EdTech in Africa: A Landscape


(Citing sources in blog post’s body)

  • Education in Africa has improved dramatically over the past few decades: today, primary school enrollment is free and guaranteed in much of the continent, having reached 80%.
  • Despite the progress in enrollment, education on the continent has yet to produce quality & equal outcomes: 30–50% of secondary school children are out of school, and only 7% (17M students) are enrolled in university.
  • Moreover, 87% of African CEOs reported being “extremely concerned” about the availability of key skills among their workforce.
  • Africa’s total economies are promising: over the next 10 years, the 54 countries will collectively grow at 8% CAGR, faster than most regions in the world.
  • While GDP per capita varies widely (as low as $300 and as high as $11,000), the largest countries (Nigeria, Egypt, Kenya, South Africa) will grow at fast rates, and can serve as a regional launchpad for regional development.
  • Africa’s population will double to 2 billion over the next 30 years, and will add 15–20M people to its workforce every year for the next two decades.
  • Africa’s population will urbanize quickly (half of the population will live in cities by 2050), and will expand its currently small middle class, today at 30%
  • Africa still has some serious impediments to widespread technology adoption: internet coverage is low (at 27% in SSA), hardware and software costs are high (up to 30% of GDP per capita is spent on a smartphone).
  • African governments spend 5% of their GDPs on education, more than any other region in the world.
  • Due to failing public school systems, households contribute up to 46% of total education spend on their children. This has resulted in 20–45% of K-12 population enrolled in private schools.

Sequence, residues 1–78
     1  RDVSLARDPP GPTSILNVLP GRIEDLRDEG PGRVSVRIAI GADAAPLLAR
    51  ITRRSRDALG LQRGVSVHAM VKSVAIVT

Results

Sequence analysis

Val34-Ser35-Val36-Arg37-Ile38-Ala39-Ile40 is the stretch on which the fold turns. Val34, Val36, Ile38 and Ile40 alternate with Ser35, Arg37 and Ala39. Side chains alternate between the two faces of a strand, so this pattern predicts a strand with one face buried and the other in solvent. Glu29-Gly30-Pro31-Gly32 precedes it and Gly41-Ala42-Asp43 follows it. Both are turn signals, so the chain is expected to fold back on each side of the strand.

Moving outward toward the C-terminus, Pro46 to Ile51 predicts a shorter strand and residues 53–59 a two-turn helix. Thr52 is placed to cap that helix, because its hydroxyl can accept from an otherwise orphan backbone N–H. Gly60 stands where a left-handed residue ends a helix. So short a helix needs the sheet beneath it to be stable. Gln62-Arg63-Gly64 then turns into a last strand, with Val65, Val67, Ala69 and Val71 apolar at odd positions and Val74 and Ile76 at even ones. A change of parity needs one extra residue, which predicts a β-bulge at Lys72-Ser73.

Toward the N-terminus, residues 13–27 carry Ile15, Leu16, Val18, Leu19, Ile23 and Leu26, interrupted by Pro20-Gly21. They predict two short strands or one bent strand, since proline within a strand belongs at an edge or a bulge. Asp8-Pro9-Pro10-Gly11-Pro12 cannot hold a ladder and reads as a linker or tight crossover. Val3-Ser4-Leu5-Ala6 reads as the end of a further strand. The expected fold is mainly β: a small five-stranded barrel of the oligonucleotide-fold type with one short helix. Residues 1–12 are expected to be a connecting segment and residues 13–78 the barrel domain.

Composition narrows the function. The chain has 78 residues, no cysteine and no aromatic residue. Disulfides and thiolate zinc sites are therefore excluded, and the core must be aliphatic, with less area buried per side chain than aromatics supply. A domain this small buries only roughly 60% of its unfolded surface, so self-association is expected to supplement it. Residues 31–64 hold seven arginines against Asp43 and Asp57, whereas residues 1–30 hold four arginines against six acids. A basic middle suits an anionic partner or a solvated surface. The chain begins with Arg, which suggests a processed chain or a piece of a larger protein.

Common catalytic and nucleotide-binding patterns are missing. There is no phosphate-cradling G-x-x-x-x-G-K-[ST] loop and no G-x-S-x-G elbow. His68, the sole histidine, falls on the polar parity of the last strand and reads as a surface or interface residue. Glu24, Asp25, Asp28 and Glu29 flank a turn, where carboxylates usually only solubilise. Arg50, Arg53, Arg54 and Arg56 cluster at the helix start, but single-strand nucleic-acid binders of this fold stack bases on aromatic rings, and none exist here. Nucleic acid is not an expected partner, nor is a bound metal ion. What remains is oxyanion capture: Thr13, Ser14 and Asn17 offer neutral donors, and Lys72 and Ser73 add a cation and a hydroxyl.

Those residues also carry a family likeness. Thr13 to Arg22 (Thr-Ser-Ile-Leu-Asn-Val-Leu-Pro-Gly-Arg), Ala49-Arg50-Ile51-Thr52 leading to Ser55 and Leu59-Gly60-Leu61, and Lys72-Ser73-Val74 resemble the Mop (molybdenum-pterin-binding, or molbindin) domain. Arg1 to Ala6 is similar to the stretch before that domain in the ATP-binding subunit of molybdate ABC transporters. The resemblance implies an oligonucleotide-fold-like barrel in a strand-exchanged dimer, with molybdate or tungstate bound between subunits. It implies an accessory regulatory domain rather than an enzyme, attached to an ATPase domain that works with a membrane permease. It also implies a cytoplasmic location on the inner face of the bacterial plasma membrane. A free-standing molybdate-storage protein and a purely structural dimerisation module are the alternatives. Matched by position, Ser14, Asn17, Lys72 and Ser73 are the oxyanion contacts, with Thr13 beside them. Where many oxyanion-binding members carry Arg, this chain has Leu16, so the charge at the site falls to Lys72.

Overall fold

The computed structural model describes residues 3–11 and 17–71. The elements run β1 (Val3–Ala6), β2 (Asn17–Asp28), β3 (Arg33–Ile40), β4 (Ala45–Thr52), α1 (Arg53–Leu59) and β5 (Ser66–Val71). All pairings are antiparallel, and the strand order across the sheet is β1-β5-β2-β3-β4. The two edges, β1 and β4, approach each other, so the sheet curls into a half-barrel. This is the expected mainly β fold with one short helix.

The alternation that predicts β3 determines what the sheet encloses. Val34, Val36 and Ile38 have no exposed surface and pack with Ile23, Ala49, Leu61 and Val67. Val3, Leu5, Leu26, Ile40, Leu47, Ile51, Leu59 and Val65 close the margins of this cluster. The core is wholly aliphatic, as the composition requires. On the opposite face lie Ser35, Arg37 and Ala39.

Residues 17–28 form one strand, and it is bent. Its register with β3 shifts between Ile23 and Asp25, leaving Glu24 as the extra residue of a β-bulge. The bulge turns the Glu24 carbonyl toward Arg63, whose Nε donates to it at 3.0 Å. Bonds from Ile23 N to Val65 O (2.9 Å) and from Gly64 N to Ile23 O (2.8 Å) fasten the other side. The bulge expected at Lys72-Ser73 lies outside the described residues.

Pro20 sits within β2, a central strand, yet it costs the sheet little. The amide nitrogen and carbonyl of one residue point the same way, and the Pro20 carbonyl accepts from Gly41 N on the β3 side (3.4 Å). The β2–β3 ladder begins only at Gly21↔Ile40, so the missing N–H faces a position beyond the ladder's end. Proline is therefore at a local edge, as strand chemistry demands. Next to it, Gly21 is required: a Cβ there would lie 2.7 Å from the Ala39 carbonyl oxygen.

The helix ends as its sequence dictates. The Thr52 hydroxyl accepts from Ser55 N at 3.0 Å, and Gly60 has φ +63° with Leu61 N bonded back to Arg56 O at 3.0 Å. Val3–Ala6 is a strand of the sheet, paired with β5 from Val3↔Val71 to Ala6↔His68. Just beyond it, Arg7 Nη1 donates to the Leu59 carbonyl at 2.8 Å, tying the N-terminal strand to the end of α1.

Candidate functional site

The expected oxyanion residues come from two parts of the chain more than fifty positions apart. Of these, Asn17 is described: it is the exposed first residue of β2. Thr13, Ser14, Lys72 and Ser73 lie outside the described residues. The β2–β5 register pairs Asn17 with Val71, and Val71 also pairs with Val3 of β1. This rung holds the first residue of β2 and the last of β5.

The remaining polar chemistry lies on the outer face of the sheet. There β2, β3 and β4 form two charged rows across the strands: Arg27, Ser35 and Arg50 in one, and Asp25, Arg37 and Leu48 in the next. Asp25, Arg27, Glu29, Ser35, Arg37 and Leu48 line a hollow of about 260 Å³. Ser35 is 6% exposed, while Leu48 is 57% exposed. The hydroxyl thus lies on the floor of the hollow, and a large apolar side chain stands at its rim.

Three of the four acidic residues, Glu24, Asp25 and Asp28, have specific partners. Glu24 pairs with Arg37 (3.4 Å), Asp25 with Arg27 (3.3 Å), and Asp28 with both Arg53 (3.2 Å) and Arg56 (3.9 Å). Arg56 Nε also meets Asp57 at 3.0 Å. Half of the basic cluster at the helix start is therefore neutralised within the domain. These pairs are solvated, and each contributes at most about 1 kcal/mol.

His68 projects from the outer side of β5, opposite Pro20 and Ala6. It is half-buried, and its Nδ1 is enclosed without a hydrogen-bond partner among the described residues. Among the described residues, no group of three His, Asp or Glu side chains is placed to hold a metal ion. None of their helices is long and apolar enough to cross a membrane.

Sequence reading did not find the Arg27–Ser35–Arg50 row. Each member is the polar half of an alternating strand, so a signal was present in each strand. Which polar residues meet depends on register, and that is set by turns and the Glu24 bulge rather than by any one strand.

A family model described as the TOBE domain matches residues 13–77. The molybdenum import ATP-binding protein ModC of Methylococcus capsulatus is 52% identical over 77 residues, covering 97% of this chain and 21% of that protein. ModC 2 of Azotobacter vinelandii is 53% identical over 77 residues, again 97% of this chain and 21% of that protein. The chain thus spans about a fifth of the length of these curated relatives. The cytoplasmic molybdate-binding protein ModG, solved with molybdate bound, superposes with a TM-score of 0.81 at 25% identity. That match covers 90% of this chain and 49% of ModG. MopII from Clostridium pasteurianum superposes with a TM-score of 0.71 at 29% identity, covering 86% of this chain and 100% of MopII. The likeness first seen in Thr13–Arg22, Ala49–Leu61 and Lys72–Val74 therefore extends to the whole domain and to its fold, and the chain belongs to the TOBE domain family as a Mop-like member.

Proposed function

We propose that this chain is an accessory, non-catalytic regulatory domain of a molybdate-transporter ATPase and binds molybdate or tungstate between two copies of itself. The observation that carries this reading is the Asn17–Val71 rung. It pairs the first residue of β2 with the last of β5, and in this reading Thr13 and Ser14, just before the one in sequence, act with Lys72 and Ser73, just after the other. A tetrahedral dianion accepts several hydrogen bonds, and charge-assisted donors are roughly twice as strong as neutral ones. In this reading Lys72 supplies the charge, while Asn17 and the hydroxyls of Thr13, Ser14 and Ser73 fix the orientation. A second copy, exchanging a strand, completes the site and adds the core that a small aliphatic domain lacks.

• Investments in EdTech can help solve issues of access, quality and affordability.
  • Spend on education in Africa is estimated today at $224B, set to grow to $740B by 2030, at a 14% CAGR. We estimate spend on EdTech to grow fast, from 1% today to 6–10% in 2030, reaching $57B.
  • EdTech in Africa today is very small, having attracted only 20M in venture capital in 2019–2021 to-date. (Note: GSV Ventures invested one of the largest rounds on the continent, $7M in Valenture Institute)
  • In Africa, some EdTech sectors are more promising than others. Below you can read about some of the trends we identified in the market.
  • African EdTech founders are innovative, resilient and resourceful: they are building interesting products and are even creating markets. Today they are not growing because of market constraints, lack of capital and lack of access to talent
  • There is a growing web of ecosystem builders that support these founders: investors, incubators, accelerators, corporations and foundations.

Why education matters

In low- and middle-income countries, a quality education is often the lottery ticket to a better life. In most African countries, a good education can lead to upward mobility, either through a formal job or through skills that allow for dignified self-employment. Education also empowers people to think for themselves, question the status quo and ultimately, have a voice.

Africa today has most of the ingredients to support a nascent EdTech market

First, economies that will grow fast

Africa’s economic potential is large: the continent’s total economy will continue to grow at a fast rate over the next 5 years. Africa’s total GDP will reach $3.8T in 2026, growing at ~8% CAGR from 2020. By comparison, global GDP is forecasted to grow at 4% post-COVID (Source: IMF). While Africa is a large and diverse continent with 54 countries, Africa’s largest 10 economies today account for 70% of total GDP, and 16 countries on the continent will grow at more than 8% CAGR 2021–2026.

Second, a young and fast-growing population

Africa’s population is large and young. Indeed, Africa’s population will double in the next 25 years, projected to reach 2.5 billion people in 2050. Moreover, it is the only region in the world where the working-age population is projected to continue expanding beyond 2035. By comparison, India’s population today is at 1.4 billions and will grow to 1.6 billions in 2050. The World Economic Forum estimates that the African workforce will grow by 15 to 20 million every year for the next two decades. Moreover, Africa’s population is extremely young, and will keep getting younger. Today, the average African is 19 years old, compared to 26 years old in India.